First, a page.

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Deployment of UN peacekeepers to Sudan premature - Khartoum

CAIRO, April 24 (RIA Novosti) - Sudan's leadership believes that holding talks with the UN on deploying a joint UN-African Union peacekeeping contingent in the rebellious province of Darfur is premature, Sudan's envoy to the UN said Tuesday.

The UN passed a resolution in late August 2006 to deploy troops in the western region of Darfur in a bid to end the fighting there between the local African population and Arab Janjaweed militia, which broke out in 2003 and has so far claimed 200,000 lives and created 2.5 million refugees.

Following the adoption of the resolution, Sudan said it was opposed to the deployment of peacekeepers.

Sudan's UN ambassador, Abdel Mahmoud Abdel Halim, told an Egyptian newspaper that the international organization should first fully carry out its obligations to render technical assistance to African peacekeepers, and said it is still possible to settle the Darfur conflict internally.

"For now, the UN has fulfilled its commitments to render technical assistance to the African forces in Darfur only by 65%," he said, adding that the first stage of a cooperation plan between the UN, Khartoum and the African Union in Darfur should be completed first and all mistakes corrected.

"In this connection, it's too early to speak about implementation of the second and all the more third stages of cooperation envisioning deployment of joint peacekeeping forces in the west of Sudan," the Sudanese diplomat said.

In May 2006, the Sudanese government and some of Darfur's rebels, with mediation from the African Union, concluded a peace agreement in Nigeria calling for a halt to the fighting and the start of a transitional period for the Sudanese province's return to peaceful life.

Despite that, clashes between rebels and Arab mercenaries supported by Khartoum have continued, as well as attacks on civilians.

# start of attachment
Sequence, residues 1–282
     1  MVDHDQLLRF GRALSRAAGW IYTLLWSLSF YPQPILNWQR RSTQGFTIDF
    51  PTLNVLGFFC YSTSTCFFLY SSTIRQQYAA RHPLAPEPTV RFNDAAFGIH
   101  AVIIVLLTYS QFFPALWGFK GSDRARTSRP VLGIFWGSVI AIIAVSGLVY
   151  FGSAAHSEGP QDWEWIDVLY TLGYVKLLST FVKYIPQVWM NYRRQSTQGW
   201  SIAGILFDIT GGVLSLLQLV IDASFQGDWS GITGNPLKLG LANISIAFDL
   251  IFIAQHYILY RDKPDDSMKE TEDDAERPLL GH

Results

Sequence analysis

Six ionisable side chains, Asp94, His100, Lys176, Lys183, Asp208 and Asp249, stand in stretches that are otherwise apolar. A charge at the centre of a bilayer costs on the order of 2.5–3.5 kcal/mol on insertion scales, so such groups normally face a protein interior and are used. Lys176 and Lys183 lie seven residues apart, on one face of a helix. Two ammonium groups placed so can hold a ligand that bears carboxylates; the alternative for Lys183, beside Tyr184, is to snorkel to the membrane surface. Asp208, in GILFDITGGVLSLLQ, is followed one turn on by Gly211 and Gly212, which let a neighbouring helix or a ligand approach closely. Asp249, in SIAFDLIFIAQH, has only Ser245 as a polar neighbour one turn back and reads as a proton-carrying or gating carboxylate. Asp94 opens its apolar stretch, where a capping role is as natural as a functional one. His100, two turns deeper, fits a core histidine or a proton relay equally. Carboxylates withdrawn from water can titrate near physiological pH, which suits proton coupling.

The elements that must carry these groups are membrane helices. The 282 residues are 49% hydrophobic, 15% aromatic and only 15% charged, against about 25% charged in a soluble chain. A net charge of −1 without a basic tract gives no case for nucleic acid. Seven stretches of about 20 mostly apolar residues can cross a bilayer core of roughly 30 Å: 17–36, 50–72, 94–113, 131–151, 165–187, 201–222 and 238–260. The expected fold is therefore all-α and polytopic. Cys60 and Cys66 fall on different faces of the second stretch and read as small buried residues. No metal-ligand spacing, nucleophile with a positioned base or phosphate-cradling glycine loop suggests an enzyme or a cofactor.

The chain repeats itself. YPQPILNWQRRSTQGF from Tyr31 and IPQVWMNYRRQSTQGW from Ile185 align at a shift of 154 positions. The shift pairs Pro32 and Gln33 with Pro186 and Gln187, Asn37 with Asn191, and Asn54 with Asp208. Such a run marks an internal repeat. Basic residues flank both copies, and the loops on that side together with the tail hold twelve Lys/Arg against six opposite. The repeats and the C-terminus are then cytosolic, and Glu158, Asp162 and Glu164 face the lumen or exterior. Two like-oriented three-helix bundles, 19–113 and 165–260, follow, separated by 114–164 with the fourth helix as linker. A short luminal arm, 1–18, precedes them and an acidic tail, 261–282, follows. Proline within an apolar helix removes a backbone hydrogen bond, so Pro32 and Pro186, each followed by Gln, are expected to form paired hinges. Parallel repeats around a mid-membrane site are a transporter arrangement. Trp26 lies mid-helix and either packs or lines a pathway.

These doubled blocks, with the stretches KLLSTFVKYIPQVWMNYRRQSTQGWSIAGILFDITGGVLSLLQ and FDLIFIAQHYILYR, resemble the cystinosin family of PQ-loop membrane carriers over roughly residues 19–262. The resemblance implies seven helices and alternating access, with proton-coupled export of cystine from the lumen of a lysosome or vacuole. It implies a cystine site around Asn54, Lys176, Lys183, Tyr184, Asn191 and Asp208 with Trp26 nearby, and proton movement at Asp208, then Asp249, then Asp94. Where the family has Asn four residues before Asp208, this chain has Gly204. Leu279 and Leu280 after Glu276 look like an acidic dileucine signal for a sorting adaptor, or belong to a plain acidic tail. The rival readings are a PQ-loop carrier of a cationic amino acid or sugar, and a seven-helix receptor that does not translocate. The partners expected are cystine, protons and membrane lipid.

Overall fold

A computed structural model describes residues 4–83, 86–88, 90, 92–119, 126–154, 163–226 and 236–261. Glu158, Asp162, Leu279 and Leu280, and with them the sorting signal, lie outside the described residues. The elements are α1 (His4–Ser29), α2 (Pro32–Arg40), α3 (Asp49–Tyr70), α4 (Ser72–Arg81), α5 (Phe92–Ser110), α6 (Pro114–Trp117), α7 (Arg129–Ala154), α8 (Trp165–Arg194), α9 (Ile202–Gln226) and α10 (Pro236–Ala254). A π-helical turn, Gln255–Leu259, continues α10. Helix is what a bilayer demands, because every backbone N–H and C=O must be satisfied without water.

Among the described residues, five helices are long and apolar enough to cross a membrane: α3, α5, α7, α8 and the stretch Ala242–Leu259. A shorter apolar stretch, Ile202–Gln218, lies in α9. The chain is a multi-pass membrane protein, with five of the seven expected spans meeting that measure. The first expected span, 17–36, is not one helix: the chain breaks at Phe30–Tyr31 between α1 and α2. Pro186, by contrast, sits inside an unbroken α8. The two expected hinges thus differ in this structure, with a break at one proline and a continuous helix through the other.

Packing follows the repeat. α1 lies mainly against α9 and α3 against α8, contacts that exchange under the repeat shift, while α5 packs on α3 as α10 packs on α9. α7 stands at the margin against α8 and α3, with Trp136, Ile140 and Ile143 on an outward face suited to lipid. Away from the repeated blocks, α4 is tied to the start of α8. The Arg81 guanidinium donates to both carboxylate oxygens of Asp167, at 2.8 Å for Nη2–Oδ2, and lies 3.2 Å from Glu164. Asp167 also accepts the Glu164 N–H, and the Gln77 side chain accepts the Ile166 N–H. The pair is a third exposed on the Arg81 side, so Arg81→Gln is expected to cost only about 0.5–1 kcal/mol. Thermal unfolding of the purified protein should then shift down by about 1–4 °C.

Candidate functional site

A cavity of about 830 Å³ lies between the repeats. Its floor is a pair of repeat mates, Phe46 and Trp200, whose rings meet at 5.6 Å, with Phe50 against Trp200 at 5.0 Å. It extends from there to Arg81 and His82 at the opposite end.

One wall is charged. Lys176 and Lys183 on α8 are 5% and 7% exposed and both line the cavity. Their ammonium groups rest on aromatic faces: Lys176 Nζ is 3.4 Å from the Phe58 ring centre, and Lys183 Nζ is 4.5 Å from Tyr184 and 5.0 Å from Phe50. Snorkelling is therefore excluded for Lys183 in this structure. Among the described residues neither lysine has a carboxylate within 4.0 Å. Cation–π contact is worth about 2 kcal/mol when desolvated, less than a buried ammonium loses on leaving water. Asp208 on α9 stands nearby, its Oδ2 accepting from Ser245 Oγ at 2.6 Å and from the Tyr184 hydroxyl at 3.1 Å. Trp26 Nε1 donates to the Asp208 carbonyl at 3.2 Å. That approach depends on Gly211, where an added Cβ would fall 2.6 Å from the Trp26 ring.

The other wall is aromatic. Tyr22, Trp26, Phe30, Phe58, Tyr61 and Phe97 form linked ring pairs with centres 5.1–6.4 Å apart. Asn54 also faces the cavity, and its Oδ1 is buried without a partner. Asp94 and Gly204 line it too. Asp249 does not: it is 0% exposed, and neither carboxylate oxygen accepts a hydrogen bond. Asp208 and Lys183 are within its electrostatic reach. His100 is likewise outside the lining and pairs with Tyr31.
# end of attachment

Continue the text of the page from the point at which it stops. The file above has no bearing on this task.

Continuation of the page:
The UN has insisted on replacing the 7,000-African peacekeeping contingent with a 20,000-strong joint peacekeeping force made up of UN and African Union troops, but Khartoum has called the plans "a new form of African colonization" and tried to thwart the deployment of foreign armed forces in the country's west.

However, under strong international and regional pressure Sudan's leadership recently agreed to implement a plan for three-way cooperation between Khartoum, the UN and the African Union, which envisions the deployment of joint military forces in the rebellious province in the long run.

In line with the plan, the UN would in the first stage render technical and financial support to the African military in Darfur. The second stage would involve the deployment of another 3,000 UN peacekeepers, and the third stage would double that number.

Khartoum has so far agreed only to implement the first and second cooperation stages. Sudanese authorities still hope to stop the internal conflict on their own.

On Monday, an adviser to the Sudanese leader said any military operations would be suspended in Darfur for two months so that all of Darfur's rebel movements could join the peace agreement of May 2006.

The UN sees no other way to settle Sudan's internal conflict than through international involvement.

High-ranking UN officials have made a number of trips to the region recently trying to influence the Sudanese leadership to accept the implementation of international plans.

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